I may even try to get on a podcast or two, if I can overcome my terror at the very idea.

My Fiction Business

NegativeReturnFinal-FJM_Kindle_1800x2700I was able to spend significantly more of my time working on fiction projects this year, partly because I’ve been able to command a higher hourly rate and take on fewer client projects. As a result, I published two books (Negative Return and the short story collection Business as Usual).

I also wrote a book on creative productivity called From Chaos to Creativity. That’s in the editing and revisions process now, and will be out in 2019 from Microcosm Press.

I’ve made headway on the next Durga System novella, as well as on a trilogy of full-length novels centered around Jaantzen and Starla. If all goes well, I’ll be releasing all four of these books in 2018.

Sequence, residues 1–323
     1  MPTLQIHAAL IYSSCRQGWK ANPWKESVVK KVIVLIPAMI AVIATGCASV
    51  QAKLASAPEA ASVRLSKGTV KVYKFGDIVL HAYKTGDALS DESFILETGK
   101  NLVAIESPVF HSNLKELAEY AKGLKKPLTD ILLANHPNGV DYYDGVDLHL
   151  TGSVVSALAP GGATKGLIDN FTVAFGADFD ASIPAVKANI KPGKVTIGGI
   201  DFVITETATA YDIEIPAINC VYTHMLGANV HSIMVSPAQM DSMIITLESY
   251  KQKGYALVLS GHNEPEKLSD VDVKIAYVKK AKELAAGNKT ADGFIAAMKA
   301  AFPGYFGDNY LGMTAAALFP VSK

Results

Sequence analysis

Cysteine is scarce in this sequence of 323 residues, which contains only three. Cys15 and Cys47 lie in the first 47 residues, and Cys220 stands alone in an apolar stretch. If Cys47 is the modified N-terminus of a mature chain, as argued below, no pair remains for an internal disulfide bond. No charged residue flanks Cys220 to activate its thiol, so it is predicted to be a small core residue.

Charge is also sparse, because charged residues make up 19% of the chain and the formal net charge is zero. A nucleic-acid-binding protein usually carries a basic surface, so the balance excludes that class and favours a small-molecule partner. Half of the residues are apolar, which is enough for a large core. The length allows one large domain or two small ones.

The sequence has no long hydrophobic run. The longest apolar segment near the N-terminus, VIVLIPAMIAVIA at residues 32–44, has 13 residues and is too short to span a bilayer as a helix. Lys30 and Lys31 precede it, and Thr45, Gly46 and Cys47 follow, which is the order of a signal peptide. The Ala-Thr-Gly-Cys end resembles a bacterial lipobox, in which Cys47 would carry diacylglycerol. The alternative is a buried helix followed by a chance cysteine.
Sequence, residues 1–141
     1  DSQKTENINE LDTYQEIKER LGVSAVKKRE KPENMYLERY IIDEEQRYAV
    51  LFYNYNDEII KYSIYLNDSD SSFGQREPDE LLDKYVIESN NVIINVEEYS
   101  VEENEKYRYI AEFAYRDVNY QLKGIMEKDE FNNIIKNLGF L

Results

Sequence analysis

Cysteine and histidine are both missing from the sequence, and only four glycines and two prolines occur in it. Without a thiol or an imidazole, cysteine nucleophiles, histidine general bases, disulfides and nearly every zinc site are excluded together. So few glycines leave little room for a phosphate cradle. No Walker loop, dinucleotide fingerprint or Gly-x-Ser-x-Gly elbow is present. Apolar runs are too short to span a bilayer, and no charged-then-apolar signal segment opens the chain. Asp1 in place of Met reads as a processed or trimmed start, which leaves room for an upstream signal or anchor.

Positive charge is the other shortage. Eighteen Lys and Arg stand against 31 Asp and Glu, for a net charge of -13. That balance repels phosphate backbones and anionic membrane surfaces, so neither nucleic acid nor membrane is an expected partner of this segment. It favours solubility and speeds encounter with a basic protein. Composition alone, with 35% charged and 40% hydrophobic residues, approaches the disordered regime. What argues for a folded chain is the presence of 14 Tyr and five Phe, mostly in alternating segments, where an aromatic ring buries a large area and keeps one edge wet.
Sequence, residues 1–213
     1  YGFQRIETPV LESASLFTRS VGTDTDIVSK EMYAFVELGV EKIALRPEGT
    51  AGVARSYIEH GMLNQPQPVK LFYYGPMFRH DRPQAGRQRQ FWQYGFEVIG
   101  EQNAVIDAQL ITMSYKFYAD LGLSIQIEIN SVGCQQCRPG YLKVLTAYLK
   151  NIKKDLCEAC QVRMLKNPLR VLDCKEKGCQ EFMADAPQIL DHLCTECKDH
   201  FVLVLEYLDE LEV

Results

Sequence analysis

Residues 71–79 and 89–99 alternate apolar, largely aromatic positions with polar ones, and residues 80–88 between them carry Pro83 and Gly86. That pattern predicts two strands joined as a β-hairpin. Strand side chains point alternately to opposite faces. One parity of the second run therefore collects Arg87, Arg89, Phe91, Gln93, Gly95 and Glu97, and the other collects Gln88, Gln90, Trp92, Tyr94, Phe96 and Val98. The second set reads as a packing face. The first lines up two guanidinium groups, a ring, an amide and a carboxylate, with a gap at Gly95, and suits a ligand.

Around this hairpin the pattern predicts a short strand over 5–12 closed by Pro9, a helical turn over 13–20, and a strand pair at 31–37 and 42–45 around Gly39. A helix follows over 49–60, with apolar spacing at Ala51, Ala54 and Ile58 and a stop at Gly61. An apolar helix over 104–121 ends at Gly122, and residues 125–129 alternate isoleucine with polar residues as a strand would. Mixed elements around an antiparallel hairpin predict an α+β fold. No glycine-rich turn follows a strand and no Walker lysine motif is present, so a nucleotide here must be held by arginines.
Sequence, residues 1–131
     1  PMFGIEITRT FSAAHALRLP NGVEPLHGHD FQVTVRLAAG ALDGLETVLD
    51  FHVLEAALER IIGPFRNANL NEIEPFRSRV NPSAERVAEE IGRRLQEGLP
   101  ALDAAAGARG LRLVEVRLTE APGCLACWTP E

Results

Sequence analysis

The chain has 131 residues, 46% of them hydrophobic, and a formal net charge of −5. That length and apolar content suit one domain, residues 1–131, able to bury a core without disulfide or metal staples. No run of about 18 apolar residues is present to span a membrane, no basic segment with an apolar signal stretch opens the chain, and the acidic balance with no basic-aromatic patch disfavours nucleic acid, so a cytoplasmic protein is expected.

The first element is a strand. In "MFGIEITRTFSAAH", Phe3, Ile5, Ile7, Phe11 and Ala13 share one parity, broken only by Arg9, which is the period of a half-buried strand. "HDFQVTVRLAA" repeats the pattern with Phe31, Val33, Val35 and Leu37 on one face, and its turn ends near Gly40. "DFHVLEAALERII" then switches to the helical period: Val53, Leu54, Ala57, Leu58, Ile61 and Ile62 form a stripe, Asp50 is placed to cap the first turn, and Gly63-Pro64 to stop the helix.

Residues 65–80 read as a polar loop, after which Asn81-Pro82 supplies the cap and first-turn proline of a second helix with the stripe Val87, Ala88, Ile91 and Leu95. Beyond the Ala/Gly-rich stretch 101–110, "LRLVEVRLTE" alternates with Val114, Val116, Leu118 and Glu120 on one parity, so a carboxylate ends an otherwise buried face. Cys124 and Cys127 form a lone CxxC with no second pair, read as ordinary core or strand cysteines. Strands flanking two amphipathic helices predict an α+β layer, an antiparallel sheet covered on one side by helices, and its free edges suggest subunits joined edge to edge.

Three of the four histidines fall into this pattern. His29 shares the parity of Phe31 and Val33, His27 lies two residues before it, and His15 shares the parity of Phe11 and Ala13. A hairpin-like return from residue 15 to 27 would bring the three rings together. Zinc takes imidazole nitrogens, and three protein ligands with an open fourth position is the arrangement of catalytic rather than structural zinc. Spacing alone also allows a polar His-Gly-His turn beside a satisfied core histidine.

Lastly, I wrote a handful of short stories, which are out circling the world, trying to find a home. Hopefully I’ll have some news on those soon, too.

When I compare my 2017 fiction output to other indies, it looks pretty sad — but we’re not doing comparisonitis in this post. Just typing out the above accomplishments is a good reminder that constantly plugging along leads to forward progress.

What’s Up For 2018

I had a phone call with a potential client today, who asked what it is that really gets me excited about my work.